But the Raisins’s influence went beyond just TV and music and began to invade all levels of pop culture. During the peak of their popularity in the late '80s, the California Raisins also had a fan club, merchandise that spanned from plush toys to lunch boxes to air fresheners, and a series of comic books. Post's Raisin Bran cereal took advantage of the increasingly popular dried fruit and teamed up with the Raisins to help promote their boxed cereal, and fast food chain Hardee’s bought a license to produce the incredibly popular collectible Raisins figurines.

Although Vinton made one last Claymation TV movie about the Raisins in 1990, the end of the '80s brought a decline in the Raisins’s popularity. It began to cost CALRAB too much to market the Raisins, and the public moved on. But thanks to the California Raisins, it’s now commonplace to see ads that include anthropomorphized food or candy. "The Raisins opened up a floodgate … everything had to be personified," Vinton told Food & Wine last year. While today’s commercials may depict M&Ms and cookies with unique personas, the California Raisins hold a special place as '80s pop culture icons.

Hee-Haw: The Wild Ride of "Dominick the Donkey"—the Holiday Earworm You Love to Hate

Delpixart/iStock via Getty Images
Delpixart/iStock via Getty Images

Everyone loves Rudolph the Red-Nosed Reindeer. He’s got the whole underdog thing going for him, and when the fog is thick on Christmas Eve, he’s definitely the creature you want guiding Santa’s sleigh. But what happens when Saint Nick reaches Italy, and he’s faced with steep hills that no reindeer—magical or otherwise—can climb?

That’s when Santa apparently calls upon Dominick the Donkey, the holiday hero immortalized in the 1960 song of the same name. Recorded by Lou Monte, “Dominick The Donkey” is a novelty song even by Christmas music standards. The opening line finds Monte—or someone else, or heck, maybe a real donkey—singing “hee-haw, hee-haw” as sleigh bells jingle in the background. A mere 12 seconds into the tune, it’s clear you’re in for a wild ride.

 

Over the next two minutes and 30 seconds, Monte shares some fun facts about Dominick: He’s a nice donkey who never kicks but loves to dance. When ol’ Dom starts shaking his tail, the old folks—cummares and cumpares, or godmothers and godfathers—join the fun and "dance a tarentell," an abbreviation of la tarantella, a traditional Italian folk dance. Most importantly, Dominick negotiates Italy’s hills on Christmas Eve, helping Santa distribute presents to boys and girls across the country.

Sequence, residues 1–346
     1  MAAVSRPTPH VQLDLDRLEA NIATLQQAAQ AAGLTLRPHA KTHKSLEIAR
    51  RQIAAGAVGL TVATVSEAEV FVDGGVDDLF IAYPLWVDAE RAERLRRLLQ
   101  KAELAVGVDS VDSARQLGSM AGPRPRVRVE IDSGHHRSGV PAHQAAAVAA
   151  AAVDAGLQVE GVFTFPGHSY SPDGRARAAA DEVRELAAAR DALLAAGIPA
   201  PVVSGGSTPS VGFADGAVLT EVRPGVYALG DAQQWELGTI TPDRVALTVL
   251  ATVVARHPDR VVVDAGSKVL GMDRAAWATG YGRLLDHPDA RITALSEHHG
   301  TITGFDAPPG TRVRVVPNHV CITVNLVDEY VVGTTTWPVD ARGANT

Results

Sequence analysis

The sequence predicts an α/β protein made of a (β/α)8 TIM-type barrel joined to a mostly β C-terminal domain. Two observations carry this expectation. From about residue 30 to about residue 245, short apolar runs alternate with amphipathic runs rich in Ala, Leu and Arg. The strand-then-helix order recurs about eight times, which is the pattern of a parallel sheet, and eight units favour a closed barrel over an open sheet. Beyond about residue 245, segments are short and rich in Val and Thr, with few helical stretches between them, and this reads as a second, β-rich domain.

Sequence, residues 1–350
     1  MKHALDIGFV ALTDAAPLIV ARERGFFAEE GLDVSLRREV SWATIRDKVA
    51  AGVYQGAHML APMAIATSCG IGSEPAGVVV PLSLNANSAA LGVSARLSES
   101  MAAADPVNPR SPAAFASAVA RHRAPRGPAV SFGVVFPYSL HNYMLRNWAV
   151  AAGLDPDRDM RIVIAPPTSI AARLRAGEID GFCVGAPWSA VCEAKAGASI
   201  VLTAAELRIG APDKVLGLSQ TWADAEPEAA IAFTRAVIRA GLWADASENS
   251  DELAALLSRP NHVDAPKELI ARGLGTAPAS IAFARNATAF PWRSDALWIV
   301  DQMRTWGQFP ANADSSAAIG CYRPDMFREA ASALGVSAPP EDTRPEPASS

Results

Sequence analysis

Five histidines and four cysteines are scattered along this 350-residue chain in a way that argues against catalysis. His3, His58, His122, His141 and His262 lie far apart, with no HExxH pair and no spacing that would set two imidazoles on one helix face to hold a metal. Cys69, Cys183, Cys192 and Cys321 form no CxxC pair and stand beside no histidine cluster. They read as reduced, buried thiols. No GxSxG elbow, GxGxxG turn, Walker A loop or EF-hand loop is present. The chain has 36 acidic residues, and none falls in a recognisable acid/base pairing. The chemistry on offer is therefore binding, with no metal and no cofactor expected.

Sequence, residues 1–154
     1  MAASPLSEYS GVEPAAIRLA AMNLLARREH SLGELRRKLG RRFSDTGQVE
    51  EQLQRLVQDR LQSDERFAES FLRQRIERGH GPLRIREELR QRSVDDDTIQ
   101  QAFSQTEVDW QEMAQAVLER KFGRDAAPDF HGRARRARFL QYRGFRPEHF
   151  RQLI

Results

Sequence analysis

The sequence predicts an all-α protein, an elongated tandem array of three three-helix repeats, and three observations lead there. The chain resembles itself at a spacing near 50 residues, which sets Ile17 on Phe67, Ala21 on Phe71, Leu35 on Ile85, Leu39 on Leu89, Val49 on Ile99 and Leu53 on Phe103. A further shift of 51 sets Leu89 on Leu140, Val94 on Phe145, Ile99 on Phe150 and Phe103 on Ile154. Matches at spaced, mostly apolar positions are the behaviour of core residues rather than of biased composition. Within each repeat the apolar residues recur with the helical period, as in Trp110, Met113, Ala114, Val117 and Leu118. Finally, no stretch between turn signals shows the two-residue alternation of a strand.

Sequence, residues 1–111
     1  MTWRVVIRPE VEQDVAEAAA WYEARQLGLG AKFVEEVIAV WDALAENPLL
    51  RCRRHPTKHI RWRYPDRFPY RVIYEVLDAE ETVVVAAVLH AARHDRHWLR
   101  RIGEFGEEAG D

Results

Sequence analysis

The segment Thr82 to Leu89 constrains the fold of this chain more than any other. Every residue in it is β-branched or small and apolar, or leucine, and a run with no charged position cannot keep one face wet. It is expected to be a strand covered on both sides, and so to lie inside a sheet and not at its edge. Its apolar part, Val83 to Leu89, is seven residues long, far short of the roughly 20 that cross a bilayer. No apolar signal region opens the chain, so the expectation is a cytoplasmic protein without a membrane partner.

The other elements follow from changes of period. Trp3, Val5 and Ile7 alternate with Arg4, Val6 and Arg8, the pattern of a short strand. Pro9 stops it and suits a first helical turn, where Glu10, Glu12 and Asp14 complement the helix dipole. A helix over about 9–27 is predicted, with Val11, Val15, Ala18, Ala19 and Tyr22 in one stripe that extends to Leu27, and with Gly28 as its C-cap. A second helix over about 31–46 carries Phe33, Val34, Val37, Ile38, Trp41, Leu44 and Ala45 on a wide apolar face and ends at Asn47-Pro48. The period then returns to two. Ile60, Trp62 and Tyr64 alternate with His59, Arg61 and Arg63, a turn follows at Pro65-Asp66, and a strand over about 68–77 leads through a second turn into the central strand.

And not just any presents: Dominick delivers shoes and dresses “made in Brook-a-lyn,” which Monte somehow rhymes with “Josephine.” Oh yeah, and while the donkey’s doing all this, he’s wearing the mayor’s derby hat, because you’ve got to look sharp. It’s a silly story made even sillier by that incessant “hee-haw, hee-haw,” which cuts in every 30 seconds like a squeaky door hinge.

There may have actually been some historical basis for “Dominick.”

“Travelling by donkey was universal in southern Italy, as it was in Greece,” Dominic DiFrisco, president emeritus of the joint Civic Committee of Italian Americans, said in a 2012 interview with the Chicago Sun-Times. “[Monte’s] playing easy with history, but it’s a cute song, and Monte was at that time one of the hottest singers in America.”

Rumored to have been financed by the Gambino crime family, “Dominick the Donkey” somehow failed to make the Billboard Hot 100 in 1960. But it’s become a cult classic in the nearly 70 years since, especially in Italian American households. In 2014, the song reached #69 on Billboard’s Holiday 100 and #23 on the Holiday Digital Song Sales chart. In 2018, “Dominick” hit #1 on the Comedy Digital Track Sales tally. As of December 2019, the Christmas curio had surpassed 21 million Spotify streams.

“Dominick the Donkey” made international headlines in 2011, when popular BBC DJ Chris Moyles launched a campaign to push the song onto the UK singles chart. “If we leave Britain one thing, it would be that each Christmas kids would listen to 'Dominick the Donkey,’” Moyles said. While his noble efforts didn’t yield a coveted Christmas #1, “Dominick” peaked at a very respectable #3.

 

As with a lot of Christmas songs, there’s a certain kitschy, ironic appeal to “Dominick the Donkey.” Many listeners enjoy the song because, on some level, they’re amazed it exists. But there’s a deeper meaning that becomes apparent the more you know about Lou Monte.

Born Luigi Scaglione in New York City, Monte began his career as a singer and comedian shortly before he served in World War II. Based in New Jersey, Monte subsequently became known as “The Godfather of Italian Humor” and “The King of Italian-American Music.” His specialty was Italian-themed novelty songs like “Pepino the Italian Mouse,” his first and only Top 10 hit. “Pepino” reached #5 on the Billboard Hot 100 in 1963, the year before The Beatles broke America.

“Pepino” was penned by Ray Allen and Wandra Merrell, the duo that teamed up with Sam Saltzberg to write “Dominick the Donkey.” That same trio of songwriters was also responsible for “What Did Washington Say (When He Crossed the Delaware),” the B-side of “Pepino.” In that song, George Washington declares, “Fa un’fridd,” or ‘It’s cold!” while making his famous 1776 boat ride.